The Importance of Defining an Accountant’s Duties in Retention Agreements

Posted Oct 10, 2017

by Robert A. Berns and Charles Kellet

We don’t need no stinkin’ engagements!

To borrow from Gold Hat’s quote from The Treasure of the Sierra Madre: “Engagements?  We don’t need no stinkin’ engagements!”  Oh, but you do.  While not ethically required in tax engagements, best practices – and not doubt your liability insurer – would suggest the regular use of written engagements as a useful and beneficial risk management tool. 

The most frequent instance of where accountants should but fail to utilize written retention agreements are tax engagements, and tax engagements are increasingly the subject of disputes and litigation.  Having clients read, agree to and sign engagements can often avoid fee disputes, jurisdictional glitches and lost time and revenue. 

By defining the scope of the services to be provided, the services that will not be provided and the fees that will charged for the services, a peaceable kingdom can be achieved without the specter of a professional liability claim or ethics grievance. 

Also, it is important to remember that an engagement letter is a contract.  Thus, by use of an engagement, you have the ability to outline the services that you will provide and will not provide, which often times can help avoid an unintended expansion of your obligations or an unintended expansion of the client’s expectations.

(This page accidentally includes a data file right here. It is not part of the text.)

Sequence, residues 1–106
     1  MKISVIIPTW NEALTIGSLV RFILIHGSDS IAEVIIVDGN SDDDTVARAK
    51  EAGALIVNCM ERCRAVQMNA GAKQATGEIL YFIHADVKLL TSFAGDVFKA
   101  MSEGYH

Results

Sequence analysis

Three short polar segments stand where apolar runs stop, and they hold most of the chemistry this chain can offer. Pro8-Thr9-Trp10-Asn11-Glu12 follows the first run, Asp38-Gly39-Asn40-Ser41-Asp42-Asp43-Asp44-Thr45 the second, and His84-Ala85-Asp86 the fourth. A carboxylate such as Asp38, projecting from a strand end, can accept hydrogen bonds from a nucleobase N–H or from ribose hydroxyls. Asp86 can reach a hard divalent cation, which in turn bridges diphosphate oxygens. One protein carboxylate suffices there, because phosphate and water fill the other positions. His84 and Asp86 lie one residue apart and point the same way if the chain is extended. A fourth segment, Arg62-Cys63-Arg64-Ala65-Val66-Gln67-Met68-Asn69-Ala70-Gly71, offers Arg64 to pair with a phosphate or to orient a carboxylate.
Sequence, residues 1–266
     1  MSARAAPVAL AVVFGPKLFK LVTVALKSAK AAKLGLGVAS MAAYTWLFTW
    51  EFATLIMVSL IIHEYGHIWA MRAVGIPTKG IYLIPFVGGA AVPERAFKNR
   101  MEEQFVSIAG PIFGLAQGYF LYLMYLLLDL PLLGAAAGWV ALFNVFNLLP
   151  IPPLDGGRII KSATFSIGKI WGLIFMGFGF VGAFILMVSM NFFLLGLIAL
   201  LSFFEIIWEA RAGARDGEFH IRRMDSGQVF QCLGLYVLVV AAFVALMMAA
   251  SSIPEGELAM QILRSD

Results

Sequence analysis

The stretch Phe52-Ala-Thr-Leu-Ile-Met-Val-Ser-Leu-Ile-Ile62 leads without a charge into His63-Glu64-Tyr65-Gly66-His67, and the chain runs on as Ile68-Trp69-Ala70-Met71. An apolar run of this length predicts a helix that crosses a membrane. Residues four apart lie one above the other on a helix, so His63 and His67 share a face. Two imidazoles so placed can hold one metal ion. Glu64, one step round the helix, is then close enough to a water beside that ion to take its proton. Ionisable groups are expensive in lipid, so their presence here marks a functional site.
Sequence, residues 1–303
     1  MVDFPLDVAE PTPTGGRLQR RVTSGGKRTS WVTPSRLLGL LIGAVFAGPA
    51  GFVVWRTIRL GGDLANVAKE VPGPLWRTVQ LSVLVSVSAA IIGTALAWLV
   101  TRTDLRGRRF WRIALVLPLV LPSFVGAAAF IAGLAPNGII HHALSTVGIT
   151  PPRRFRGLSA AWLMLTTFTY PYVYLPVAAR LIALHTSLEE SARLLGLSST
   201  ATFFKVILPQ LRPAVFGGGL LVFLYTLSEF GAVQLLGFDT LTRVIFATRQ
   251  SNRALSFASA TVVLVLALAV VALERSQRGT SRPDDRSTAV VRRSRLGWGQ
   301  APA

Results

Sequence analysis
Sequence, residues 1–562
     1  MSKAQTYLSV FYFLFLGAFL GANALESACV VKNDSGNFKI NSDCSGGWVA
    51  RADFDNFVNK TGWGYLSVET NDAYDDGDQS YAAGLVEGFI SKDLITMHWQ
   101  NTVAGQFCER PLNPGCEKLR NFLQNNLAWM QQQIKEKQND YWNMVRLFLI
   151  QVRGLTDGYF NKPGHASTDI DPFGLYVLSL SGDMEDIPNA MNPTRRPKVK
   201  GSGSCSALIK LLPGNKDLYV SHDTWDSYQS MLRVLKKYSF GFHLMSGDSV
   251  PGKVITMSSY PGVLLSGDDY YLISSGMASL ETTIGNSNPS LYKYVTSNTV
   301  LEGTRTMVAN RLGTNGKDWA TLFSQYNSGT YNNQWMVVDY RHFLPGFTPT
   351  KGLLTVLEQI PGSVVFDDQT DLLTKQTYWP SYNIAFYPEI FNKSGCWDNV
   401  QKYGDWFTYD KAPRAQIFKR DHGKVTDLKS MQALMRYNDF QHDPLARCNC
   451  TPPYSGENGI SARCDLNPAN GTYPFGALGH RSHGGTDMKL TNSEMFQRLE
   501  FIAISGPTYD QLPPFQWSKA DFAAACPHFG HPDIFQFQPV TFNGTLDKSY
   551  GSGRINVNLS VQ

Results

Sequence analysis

So, in practical terms, what can a written retention letter do for you in a tax engagement? 

  • Among other useful things, it can define the period covered for the work that will be performed, which may affect the statute of limitations. 
  • A written engagement can ensure that the client does not expect or later allege a failure to address or cure prior tax periods. 
  • It can define the law to be applied in the event of an actual dispute, i.e., New Jersey has a 6-year statute of limitations while New York has a 3-year statute of limitations. 
  • It can define the client’s responsibilities; tell the client up front what they must provide in order for you to perform the assigned task. 
  • It can require that disputes be arbitrated to avoid litigation.  It can clarify the identity of the client for conflict purposes and can define the person(s) authorized to approve the final return. 
  • It can cutoff assertions/allegations that the accountant was required or had agreed to perform tasks or services not outlined in the writing. 

The bottom line – while you may not be as happy as Walter Huston doing a jig at the end of tax season, the regular and annual updating of tax engagements will allow you to sleep more soundly and have a written shield to deflect a client’s allegations or charges that the work performed was not the work promised. 

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